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5) Yuri Gagarin, the first human in space. grew up as a peasant under Nazi occupation, made his way to the tip of the spear of the space age.  Outgoing and friendly, He set himself apart from hard-liners with this post-flight statement: “Orbiting Earth in the spaceship, I saw how beautiful our planet is. People, let us preserve and increase this beauty, not destroy it!” Awarded the title “Hero of the Soviet Union.” He was killed flying a regular training mission in a two seat MiG-15 in 1968.

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6) The Ilyushin Il-2, probably the most produced aircraft in history, 36,000 built in only 4 years. An armor plated attack aircraft that was ideal for ground support on the Eastern Front. Capable of absorbing great damage, the plane carried all types of ordinance, including bombs, rockets and early cluster bombs. Did vast damage to German armor and vehicles with 37mm cannon. The design and tactics were a completely clean sheet of paper approach to ground attack aircraft. It’s production and deployment in a country ravaged by war is a story to match any other in manufacturing.

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7) Lydia Litvyak: First woman fighter pilot; First woman to shoot down a plane; First woman ace; Highest scoring female ace of all time. She flew a Yak-1 almost exclusively, The plane was small and agile, but not exceptional. Never the less, Litvyak downed a number of Bf-109G’s flown by very skilled German pilots, including an 11 kill ace.

After witnessing the death of her squadron commander, she wrote her mother, saying in retrospect, she had been in love with him. He mechanic later testified that from this point forward, all Lydia wanted was more missions.  She died on 1 August 1943, on her 4th sortie of the day. She was 21 years old. In 1990, USSR President Mikhail Gorbachev posthumously awarded Litvyak “Hero of the Soviet Union.”

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Lydia Litvyak.JPG

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8) Igor Sikorsky was born in Russia but emigrated to the US after the revolution. In Russia he was a well established designer, but in the US, he made a large and lasting contribution to many fronts in flight. His flying boats and amphibious aircraft are some of the most elegant designs ever, but his work with rotary wing flight made him a legend. In 1931, he filed and eventually received the patent on the standard helicopter.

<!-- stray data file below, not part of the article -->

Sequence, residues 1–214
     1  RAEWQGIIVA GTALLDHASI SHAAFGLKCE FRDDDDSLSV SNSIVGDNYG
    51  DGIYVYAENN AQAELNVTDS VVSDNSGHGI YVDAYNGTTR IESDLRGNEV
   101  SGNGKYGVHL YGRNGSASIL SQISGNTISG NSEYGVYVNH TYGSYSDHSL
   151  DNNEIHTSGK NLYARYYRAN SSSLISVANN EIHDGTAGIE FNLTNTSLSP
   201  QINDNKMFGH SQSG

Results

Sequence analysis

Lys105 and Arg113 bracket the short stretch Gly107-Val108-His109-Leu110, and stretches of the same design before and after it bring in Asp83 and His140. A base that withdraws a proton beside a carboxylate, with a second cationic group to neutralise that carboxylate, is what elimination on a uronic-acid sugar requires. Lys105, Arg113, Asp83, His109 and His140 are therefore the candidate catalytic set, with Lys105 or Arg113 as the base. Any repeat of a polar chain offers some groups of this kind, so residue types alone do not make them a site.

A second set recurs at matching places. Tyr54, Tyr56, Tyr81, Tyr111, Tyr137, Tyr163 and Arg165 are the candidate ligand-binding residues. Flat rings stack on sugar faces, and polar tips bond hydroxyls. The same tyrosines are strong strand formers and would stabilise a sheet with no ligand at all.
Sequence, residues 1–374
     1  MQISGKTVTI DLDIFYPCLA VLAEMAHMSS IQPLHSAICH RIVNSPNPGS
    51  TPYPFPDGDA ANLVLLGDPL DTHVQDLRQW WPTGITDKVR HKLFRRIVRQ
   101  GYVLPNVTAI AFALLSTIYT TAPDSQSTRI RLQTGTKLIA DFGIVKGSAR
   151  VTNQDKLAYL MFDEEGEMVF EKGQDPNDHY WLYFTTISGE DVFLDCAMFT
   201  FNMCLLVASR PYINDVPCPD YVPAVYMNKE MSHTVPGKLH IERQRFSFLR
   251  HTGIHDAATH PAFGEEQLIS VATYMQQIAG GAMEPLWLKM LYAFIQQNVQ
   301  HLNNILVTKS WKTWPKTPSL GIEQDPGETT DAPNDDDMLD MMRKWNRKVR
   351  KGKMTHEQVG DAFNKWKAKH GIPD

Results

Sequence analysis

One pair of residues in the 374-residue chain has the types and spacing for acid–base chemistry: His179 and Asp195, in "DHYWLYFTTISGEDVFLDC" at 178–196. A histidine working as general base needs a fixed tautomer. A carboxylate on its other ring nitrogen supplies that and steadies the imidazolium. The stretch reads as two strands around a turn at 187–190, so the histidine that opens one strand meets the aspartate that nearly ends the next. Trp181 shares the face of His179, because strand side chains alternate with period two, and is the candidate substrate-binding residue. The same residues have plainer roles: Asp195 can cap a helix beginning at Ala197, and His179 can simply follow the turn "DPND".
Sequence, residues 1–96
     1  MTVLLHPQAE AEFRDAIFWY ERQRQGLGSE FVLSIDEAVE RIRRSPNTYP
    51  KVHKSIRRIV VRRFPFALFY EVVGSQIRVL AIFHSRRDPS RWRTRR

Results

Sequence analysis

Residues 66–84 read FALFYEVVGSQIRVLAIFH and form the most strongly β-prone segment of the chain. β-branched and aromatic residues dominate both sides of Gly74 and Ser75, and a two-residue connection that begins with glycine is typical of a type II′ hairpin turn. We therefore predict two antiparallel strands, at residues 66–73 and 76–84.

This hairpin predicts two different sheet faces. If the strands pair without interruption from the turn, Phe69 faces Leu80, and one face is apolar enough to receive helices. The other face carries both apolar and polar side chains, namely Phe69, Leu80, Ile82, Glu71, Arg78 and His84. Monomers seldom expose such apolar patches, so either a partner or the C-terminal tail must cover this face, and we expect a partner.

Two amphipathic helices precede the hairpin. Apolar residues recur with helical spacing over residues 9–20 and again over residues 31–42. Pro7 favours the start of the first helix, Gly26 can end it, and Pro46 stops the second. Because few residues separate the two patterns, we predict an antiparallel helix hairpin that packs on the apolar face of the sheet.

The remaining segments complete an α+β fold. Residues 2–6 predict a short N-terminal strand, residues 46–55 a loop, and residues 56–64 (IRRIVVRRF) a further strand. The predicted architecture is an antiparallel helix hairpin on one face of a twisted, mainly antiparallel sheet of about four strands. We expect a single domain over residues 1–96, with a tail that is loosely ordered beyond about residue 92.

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 Sikorsky may be the wittiest guy ever to set foot in aviation. His best known quote is “In the beginning, aeronautics was neither an industry nor a science. It was a miracle.” There are hundreds more, but my personal favorite is: “In those early days, the Chief Engineer was almost always the Chief Pilot as well.  This had the automatic result of eliminating poor engineering very early in aviation.”

If you would like to read more, His site: http://www.sikorskyarchives.com/IGOR%20SIKORSKY%20SPEAKS.php

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America was very lucky to be the home of four brilliant men who pioneered and perfected rotary wing flight: Igor Sikorsky, Frank Piasecki, Larry Bell and Charles Kaman. It is hard to overstate how influential and capable these men were. The practical helicopter did not arrive until after WWII. Consider that before the R-5 and the Model 47, the world already had Jet fighters (the Me-262 and Meteor), theater ballistic missiles (the V-2), supersonic planes (X-1) and Atomic weapons (Manhattan project.).

Several years ago at Oshkosh, a naïve guy said to me “I just went to a forum given by a guy from Texas who says he has a practical, affordable and reliable helicopter design. The man is a genius” I politely pointed out that perhaps his “genius” should start with an easier first project, like a jet fighter or an atomic bomb.

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9) Valentina Tereshkova, awarded title Hero of the Soviet Union, first woman in space. On her 70th birthday she told Russian president Vladimir Putin that she was personally willing to go to Mars, now, even if it was a one way “suicide” mission. Not your average grandmother.

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10) Russian aircraft builders and field mechanics.  Many people have heard that B-24s came off the assembly line every 45 minutes in WWII.  Most of the people who say that have never built a good set of shelves, far less a plane. Convesrely, homebuilders understand the challenges of actually building a plane. We know why the 1 every 45 minutes is ‘interesting’ it is astounding.

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In America, we celebrate the idea of ‘Rosie the riveter.’  Americans in defense plants did incredible work to be the “Arsenal of Democracy.” But to be fair, I don’t think the best job at an Il-2 factory was a nice as the worst one at the Consolidated plant in San Diego. The Russian workers produced record numbers of planes while subjected to un imaginable forces. Just the threat of direct conflict, starving or freezing, or even the NKVD deciding to liquidate you.  They worked on because they had family at the front who were being exterminated for lack of more weapons. On average, the Russian workers had less education and technical skills, but the test the met was one of toughness not just technical training. They did an outstanding job and made a large contribution to ending WWII.